Marketing experimentation

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Marketing experimentation is a research method which can be defined as "the act of conducting such an investigation or test".[1] It is testing a market that is segmented to discover new opportunities for organisations.[2] By controlling conditions in an experiment, organisations will record and make decisions based on consumer behaviour. Marketing experimentation is commonly used to find the best method for maximizing revenues[3][4] through the acquisition of new customers. For example; two groups of customers are exposed to different advertising (test). How did consumers react to advertising compared to the other group? (measurable). Did the advertising increase sales for each group? (result).


There are three characteristics which are the make-up of a market experimentation:

  • Experimental subjects - Humans are usually participants in experiments. Subjects are divided into two or more groups and can be referred to as focus groups. Subjects can be made up of a particular age group (demographical), from a particular area (geographical), or culture (ethnographic).[6]
  • Conditions - Known as the independent variable where, conditions are tightly controlled and manipulated by the tester.
  • Effects - Are the results of the test known as the dependent variable. Results are measured and cannot be changed. If the tester wants to see different results they would have to change the conditions of the independent variable to measure the effects.

To gain an accurate result from experiments, the experimenter must consider outside factors that could effect the dependent variable. Continuing from the advertising example above; did sales increase because of a festive seasons at that particular time.[5]

Applied application[edit]

In marketing email marketing is popular[2] it is more targeted and there are many testable features such as font, colour and pictures. By tailoring emails it gives the experimenter control over conditions. For example; promoting discounts to experimental subjects via email.[7]

It is here the experimenter has control and sets conditions by sending one tailored email to one age group (subject A). The experimenter will send another tailored email to an older age group (subject B) offering the same promotion with a different presentation. The experiment so far is exposing group A and B to different advertising messages.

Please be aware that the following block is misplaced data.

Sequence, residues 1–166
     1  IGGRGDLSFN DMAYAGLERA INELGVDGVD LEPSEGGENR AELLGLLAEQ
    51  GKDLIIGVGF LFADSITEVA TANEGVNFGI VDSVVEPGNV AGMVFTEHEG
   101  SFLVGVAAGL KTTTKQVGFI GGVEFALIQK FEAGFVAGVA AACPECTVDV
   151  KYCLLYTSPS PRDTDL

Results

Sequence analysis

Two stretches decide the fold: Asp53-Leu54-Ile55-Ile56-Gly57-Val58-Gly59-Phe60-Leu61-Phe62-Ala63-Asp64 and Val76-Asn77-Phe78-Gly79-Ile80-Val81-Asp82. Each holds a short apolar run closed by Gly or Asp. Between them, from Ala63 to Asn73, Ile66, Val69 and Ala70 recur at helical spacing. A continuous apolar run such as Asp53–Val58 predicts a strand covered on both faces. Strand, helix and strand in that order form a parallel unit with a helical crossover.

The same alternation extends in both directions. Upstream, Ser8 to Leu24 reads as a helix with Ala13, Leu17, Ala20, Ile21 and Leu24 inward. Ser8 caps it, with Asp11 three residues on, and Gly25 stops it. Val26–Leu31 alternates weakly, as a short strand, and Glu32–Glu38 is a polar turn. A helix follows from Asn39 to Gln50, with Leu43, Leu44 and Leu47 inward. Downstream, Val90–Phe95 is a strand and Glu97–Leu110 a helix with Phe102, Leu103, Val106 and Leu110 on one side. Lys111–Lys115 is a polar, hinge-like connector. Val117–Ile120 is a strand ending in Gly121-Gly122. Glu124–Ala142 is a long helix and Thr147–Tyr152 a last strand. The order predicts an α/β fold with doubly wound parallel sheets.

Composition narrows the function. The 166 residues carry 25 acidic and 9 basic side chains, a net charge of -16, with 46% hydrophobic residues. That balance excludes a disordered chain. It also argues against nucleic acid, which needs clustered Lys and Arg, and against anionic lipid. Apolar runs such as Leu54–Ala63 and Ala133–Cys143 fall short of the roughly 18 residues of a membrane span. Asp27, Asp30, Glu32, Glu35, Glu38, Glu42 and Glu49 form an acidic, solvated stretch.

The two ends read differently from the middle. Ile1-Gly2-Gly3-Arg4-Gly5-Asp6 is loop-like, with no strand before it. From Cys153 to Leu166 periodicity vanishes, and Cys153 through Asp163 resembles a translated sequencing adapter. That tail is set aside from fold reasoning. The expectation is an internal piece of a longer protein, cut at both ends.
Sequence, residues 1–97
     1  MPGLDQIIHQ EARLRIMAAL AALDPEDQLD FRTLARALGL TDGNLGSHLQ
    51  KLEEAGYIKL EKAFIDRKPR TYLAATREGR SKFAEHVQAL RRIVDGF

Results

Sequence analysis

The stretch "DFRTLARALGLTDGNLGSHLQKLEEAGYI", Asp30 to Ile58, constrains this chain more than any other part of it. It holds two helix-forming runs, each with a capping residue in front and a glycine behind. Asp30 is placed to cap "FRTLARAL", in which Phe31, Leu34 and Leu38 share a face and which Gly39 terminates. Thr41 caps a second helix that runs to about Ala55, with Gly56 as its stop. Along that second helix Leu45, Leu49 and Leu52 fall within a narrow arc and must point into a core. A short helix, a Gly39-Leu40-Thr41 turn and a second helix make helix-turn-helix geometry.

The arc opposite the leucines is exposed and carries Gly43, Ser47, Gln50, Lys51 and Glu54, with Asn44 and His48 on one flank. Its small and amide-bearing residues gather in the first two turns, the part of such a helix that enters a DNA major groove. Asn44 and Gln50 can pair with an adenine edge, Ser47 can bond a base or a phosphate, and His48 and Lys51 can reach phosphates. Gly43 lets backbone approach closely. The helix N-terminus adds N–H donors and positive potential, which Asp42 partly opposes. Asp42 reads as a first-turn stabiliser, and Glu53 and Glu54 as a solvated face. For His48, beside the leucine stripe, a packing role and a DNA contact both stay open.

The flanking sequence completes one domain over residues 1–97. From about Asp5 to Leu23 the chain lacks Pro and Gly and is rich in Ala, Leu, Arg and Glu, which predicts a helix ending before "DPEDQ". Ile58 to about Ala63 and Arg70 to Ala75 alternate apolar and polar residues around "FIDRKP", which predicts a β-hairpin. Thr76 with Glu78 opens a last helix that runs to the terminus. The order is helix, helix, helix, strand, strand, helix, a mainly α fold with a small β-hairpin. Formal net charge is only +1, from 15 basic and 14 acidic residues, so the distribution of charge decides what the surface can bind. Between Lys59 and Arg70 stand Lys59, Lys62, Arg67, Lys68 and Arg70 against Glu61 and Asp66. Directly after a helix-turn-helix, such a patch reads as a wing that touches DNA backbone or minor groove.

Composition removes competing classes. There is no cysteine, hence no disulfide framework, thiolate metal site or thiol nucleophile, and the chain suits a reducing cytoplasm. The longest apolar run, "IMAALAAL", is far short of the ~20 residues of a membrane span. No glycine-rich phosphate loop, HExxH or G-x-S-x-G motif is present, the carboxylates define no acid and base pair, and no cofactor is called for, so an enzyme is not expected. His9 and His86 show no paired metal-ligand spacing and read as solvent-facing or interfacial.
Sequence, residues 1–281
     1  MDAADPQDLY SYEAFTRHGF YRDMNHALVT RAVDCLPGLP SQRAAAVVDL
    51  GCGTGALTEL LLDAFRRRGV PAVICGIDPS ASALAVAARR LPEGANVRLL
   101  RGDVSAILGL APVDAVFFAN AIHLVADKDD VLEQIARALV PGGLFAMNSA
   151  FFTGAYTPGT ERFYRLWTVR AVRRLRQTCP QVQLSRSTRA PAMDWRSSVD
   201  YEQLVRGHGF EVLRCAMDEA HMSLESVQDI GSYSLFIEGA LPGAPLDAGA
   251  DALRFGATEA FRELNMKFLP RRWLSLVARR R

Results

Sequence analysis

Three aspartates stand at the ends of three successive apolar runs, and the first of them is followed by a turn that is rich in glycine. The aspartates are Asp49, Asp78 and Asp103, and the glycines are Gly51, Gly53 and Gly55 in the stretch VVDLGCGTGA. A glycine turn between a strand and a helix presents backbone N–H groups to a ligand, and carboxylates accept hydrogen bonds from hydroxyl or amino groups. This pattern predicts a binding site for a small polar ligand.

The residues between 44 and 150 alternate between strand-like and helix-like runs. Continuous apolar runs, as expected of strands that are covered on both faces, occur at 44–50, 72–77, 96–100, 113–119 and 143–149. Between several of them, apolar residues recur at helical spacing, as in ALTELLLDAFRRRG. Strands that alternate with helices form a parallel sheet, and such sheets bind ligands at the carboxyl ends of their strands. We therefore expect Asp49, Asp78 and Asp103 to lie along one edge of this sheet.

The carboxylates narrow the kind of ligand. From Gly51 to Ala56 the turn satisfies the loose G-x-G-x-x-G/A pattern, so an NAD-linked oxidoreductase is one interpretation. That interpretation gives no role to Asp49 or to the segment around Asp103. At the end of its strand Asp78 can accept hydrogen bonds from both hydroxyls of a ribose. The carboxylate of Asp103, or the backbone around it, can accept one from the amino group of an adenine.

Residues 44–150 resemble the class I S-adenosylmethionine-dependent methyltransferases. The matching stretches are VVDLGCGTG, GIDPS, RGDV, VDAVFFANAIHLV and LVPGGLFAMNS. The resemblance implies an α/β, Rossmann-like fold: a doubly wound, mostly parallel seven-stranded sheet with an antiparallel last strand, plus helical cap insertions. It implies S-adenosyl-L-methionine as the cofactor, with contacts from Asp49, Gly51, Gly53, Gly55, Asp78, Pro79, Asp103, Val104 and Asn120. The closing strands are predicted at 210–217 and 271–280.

There are many measurable outcomes, a few are as follows:

  • How much time is spent on the site from the URL link in an email
  • Better measurement in purchase process than other mediums - Subject A and B using promotion codes from the email
  • Users unsubscribing

Comparing the effects the experiment had on subject A and subject B will give the organisation more of an understanding of how these subjects have reacted when they received the email (if there was one) and their purchasing behaviour. The experimenter may wish to change the conditions of the test to measure the different outcomes.[8]

See also[edit]


  1. ^ "Definition of "experiment" | Collins English Dictionary". Retrieved 2015-10-29.
  2. ^ a b McDonnell, Elia (18 September 2012). "Marketing Experiments: From the Basics to the Cutting Edge". YouTube. Wharton Analytics. Retrieved 31 October 2015.
  3. ^ "Marketing Research Design". 8 July 2008. Retrieved 29 October 2015.
  4. ^ "What is experiment? Definition and meaning". Retrieved 28 October 2015.
  5. ^ a b Tilley, Paul (7 November 2014). [2. "0:29 / 24:53 Unit 7: MR2300 - Marketing Research - Primary Research: Experiments"] Check |url= value (help). YouTube. Retrieved 28 October 2015.
  6. ^ Keller, Godfrey (July 1999). "MARKET EXPERIMENTATION IN A DYNAMIC DIFFERENTIATED-GOODS DUOPOLY" (PDF). Retrieved 23 October 2015.
  7. ^ "Marketing Research Design". Slide Share. 8 July 2011. Retrieved 29 October 2015.
  8. ^ "Methodology | Marketing Experiments". Retrieved 30 October 2015.